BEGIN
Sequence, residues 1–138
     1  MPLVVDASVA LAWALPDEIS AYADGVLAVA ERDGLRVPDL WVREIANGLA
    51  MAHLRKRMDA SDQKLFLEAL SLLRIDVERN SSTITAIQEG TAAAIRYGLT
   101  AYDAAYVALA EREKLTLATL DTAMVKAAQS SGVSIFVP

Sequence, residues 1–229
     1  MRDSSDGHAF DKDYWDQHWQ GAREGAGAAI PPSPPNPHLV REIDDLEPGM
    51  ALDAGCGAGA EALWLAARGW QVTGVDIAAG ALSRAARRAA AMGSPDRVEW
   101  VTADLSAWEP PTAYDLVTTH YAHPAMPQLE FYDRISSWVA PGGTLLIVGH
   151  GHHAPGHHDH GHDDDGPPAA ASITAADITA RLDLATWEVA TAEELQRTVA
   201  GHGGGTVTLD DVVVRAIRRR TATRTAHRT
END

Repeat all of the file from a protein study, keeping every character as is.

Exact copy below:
Sequence, residues 1–138
     1  MPLVVDASVA LAWALPDEIS AYADGVLAVA ERDGLRVPDL WVREIANGLA
    51  MAHLRKRMDA SDQKLFLEAL SLLRIDVERN SSTITAIQEG TAAAIRYGLT
   101  AYDAAYVALA EREKLTLATL DTAMVKAAQS SGVSIFVP

Sequence, residues 1–229
     1  MRDSSDGHAF DKDYWDQHWQ GAREGAGAAI PPSPPNPHLV REIDDLEPGM
    51  ALDAGCGAGA EALWLAARGW QVTGVDIAAG ALSRAARRAA AMGSPDRVEW
   101  VTADLSAWEP PTAYDLVTTH YAHPAMPQLE FYDRISSWVA PGGTLLIVGH
   151  GHHAPGHHDH GHDDDGPPAA ASITAADITA RLDLATWEVA TAEELQRTVA
   201  GHGGGTVTLD DVVVRAIRRR TATRTAHRT